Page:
It is not known whether this drug is excreted in human milk. Because many drugs are excreted in human milk and because of the potential for serious adverse reaction in nursing infants from anagrelide hydrochloride, a decision should be made whether to discontinue nursing or to discontinue the drug, taking into account the importance of the drug to the mother.
Myeloproliferative disorders are uncommon in pediatric patients and limited data are available in this population. An open label safety and PK/PD study (see CLINICAL PHARMACOLOGY) was conducted in 17 pediatric patients 7-14 years of age (8 patients 7-11 years of age and 9 patients 11-14 years of age, mean age of 11 years; 8 males and 9 females) with thrombocythemia secondary to ET as compared to 18 adult patients (mean age of 63 years, 9 males and 9 females). Prior to entry on to the study, 16 of 17 pediatric patients and 13 of 18 adult patients had received anagrelide treatment for an average of 2 years. The median starting total daily dose, determined by retrospective chart review, for pediatric and adult ET patients who had received anagrelide prior to study entry was 1mg for each of the three age groups (7-11 and 11-14 year old patients and adults). The starting dose for 6 anagrelide-naive patients at study entry was 0.5 mg once daily. At study completion, the median total daily maintenance doses were similar across age groups, median of 1.75 mg for patients of 7-11 years of age, 2 mg in patients 11-14 years of age, and 1.5 mg for adults.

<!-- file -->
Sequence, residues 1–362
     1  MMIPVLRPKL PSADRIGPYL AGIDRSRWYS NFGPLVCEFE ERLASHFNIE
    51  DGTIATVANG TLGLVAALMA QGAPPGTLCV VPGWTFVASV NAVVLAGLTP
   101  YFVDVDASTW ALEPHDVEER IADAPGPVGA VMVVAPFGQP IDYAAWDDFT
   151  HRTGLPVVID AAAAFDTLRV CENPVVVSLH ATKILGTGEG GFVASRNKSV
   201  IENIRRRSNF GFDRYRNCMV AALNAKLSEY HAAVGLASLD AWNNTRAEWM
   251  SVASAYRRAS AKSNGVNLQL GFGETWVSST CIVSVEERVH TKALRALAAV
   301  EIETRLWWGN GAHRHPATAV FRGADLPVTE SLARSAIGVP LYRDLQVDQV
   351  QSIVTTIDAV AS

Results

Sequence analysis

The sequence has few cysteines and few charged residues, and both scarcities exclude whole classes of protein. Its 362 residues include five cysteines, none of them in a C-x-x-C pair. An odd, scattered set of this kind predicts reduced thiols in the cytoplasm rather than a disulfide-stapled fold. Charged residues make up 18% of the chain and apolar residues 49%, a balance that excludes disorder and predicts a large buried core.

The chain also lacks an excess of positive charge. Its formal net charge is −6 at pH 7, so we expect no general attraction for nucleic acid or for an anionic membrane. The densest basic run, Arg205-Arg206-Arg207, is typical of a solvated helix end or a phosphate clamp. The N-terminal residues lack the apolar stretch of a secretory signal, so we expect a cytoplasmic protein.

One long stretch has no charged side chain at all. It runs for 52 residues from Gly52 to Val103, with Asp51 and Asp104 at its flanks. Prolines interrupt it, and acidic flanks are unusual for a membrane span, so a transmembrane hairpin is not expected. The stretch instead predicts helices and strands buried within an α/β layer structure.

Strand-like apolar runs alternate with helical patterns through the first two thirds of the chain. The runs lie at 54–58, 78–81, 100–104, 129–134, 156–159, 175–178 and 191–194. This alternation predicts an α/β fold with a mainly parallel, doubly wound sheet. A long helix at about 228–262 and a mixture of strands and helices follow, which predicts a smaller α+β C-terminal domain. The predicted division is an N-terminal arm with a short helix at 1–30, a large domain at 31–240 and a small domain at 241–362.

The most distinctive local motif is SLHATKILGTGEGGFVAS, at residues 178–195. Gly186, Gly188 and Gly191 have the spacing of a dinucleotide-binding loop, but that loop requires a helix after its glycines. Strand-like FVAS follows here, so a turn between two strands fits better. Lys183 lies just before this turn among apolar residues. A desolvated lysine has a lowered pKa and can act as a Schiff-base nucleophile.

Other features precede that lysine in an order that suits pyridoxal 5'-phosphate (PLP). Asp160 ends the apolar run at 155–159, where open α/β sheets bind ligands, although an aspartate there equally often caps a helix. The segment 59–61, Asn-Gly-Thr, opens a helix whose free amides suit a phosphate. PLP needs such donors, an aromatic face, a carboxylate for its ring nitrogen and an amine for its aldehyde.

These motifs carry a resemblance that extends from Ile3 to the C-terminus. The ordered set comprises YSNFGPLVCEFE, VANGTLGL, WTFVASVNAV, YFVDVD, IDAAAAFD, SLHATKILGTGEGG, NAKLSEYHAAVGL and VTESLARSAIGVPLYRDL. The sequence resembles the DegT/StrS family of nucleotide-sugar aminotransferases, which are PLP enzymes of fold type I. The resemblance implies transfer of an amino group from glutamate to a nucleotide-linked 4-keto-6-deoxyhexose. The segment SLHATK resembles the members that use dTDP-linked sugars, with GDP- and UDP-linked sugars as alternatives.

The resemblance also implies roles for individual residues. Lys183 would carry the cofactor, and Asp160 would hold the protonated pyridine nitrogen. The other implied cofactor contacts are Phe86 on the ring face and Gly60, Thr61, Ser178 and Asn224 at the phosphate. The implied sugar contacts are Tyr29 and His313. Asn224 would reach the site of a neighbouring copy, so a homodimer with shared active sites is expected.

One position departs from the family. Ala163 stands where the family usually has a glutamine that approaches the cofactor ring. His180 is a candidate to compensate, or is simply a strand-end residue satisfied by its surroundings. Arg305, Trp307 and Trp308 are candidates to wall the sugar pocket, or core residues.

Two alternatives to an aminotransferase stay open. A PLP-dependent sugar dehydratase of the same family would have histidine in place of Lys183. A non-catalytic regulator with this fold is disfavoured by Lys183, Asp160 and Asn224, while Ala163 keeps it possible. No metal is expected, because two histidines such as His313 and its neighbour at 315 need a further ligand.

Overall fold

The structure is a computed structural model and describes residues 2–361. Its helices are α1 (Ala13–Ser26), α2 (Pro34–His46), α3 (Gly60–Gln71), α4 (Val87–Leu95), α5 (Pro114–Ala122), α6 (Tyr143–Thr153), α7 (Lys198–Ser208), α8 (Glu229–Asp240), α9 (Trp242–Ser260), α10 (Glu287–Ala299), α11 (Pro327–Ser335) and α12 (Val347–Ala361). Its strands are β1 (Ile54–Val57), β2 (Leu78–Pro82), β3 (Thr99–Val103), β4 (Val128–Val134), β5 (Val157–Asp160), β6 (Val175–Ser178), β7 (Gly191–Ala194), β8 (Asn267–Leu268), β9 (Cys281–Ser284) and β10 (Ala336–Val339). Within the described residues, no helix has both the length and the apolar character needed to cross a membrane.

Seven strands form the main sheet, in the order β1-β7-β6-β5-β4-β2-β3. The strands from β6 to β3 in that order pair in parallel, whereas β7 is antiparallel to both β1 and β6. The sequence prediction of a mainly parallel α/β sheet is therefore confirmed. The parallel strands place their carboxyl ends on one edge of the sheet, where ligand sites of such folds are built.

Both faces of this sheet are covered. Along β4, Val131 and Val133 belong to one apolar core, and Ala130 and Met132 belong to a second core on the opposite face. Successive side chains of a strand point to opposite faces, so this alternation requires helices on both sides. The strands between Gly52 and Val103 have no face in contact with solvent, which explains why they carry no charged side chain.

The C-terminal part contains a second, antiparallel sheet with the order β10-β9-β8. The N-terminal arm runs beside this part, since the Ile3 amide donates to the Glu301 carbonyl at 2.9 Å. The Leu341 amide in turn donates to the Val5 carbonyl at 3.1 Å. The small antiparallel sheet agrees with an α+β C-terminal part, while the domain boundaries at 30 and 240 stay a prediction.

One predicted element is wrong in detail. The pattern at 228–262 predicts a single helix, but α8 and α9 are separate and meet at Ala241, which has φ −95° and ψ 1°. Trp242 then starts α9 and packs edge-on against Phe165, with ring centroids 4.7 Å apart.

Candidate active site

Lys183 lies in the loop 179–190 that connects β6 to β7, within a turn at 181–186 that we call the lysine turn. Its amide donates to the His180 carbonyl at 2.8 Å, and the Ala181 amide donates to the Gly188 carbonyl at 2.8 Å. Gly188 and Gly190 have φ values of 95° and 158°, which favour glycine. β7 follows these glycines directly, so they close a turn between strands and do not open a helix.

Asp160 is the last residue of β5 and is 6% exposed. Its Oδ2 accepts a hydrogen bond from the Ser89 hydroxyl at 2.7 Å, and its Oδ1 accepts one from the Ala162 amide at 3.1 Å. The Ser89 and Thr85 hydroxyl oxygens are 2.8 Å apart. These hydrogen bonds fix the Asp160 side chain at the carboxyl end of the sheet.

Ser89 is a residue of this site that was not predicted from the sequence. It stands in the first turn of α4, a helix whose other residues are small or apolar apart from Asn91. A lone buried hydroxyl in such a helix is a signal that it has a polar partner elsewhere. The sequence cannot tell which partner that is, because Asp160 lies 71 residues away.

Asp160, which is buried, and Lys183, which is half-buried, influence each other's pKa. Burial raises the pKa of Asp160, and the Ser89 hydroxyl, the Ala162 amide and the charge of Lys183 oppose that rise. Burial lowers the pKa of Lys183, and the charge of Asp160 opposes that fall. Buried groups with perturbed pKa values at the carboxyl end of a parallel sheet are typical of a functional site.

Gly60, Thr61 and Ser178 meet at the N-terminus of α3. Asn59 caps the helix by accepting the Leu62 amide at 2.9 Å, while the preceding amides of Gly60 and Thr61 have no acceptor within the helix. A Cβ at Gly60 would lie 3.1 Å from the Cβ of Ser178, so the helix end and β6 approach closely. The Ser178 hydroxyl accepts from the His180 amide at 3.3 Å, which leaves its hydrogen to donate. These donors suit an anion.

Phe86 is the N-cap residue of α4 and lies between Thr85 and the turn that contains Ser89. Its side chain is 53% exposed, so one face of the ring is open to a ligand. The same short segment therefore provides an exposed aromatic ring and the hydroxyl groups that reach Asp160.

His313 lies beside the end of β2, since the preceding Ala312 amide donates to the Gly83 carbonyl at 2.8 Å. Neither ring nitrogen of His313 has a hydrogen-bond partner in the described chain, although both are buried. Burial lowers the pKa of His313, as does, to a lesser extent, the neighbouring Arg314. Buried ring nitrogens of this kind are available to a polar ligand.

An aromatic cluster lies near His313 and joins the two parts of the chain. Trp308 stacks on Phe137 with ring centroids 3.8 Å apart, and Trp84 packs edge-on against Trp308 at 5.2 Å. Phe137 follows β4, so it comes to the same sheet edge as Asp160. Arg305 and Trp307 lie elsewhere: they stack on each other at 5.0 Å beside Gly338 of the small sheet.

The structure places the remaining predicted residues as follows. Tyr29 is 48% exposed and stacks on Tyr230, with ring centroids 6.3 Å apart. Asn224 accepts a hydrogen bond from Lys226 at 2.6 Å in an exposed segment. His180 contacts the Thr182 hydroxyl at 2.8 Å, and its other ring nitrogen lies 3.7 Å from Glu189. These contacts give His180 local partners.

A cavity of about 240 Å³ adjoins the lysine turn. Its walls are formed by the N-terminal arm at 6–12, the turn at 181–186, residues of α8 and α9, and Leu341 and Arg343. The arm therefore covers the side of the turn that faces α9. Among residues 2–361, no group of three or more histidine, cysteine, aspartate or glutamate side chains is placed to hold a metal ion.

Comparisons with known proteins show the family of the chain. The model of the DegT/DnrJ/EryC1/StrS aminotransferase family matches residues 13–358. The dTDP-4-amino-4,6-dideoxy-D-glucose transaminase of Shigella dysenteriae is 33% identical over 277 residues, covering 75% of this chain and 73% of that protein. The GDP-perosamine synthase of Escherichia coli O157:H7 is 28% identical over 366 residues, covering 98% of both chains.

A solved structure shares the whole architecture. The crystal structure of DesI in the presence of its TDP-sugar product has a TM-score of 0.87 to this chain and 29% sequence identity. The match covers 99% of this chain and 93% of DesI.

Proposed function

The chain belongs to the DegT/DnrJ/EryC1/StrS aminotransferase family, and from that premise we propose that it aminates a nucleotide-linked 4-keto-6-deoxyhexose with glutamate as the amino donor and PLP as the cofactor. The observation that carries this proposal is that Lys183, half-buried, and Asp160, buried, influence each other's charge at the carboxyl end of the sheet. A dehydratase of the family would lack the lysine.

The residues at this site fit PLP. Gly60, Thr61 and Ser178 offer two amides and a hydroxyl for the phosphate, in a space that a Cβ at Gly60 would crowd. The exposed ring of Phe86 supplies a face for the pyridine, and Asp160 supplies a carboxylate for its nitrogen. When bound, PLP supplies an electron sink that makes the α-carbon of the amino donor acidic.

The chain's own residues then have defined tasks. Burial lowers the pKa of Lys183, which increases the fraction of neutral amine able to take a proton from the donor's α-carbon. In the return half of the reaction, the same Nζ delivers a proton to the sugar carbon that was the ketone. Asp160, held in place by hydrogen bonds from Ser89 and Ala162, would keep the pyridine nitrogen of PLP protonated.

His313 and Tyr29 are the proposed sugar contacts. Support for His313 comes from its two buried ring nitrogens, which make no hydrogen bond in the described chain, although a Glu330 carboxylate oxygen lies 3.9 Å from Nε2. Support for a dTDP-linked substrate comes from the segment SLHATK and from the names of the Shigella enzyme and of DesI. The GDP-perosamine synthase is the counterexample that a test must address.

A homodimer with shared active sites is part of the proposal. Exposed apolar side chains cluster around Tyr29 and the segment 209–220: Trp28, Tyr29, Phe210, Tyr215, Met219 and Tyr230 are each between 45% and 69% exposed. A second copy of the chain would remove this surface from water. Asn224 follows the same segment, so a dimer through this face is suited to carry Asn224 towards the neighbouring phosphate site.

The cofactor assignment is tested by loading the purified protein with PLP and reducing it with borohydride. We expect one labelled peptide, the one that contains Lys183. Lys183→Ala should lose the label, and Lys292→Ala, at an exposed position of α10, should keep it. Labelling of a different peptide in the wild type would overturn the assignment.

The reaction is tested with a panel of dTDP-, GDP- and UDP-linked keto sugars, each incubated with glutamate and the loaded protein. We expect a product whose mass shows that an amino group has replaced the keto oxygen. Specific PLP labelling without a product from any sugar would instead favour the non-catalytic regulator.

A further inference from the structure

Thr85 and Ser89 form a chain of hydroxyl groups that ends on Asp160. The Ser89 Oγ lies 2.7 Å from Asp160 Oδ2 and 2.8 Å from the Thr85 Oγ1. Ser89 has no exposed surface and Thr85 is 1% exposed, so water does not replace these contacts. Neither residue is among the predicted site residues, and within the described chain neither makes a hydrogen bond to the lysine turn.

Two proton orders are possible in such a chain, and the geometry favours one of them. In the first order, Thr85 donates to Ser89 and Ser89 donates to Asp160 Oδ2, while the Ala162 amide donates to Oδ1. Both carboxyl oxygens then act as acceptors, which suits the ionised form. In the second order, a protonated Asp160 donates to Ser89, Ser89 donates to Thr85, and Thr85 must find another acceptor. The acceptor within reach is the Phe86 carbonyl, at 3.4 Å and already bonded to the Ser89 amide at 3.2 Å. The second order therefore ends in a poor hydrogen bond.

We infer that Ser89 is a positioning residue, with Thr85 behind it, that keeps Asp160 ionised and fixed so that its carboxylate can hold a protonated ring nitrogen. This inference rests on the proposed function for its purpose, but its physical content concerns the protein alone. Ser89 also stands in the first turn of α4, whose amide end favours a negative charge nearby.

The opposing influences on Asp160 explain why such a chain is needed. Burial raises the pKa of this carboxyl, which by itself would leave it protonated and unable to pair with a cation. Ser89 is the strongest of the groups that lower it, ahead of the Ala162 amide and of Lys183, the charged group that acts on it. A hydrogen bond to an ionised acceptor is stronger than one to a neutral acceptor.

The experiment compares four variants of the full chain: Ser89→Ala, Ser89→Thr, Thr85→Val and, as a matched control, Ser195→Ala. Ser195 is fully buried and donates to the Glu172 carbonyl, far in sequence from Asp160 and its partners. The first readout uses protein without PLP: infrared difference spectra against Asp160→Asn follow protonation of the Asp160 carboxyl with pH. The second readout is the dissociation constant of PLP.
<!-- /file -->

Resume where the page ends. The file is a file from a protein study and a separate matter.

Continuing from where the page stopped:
The study evaluated the pharmacokinetic (PK) and pharmacodynamic (PD) profile of anagrelide, including platelet counts (see CLINICAL PHARMACOLOGY).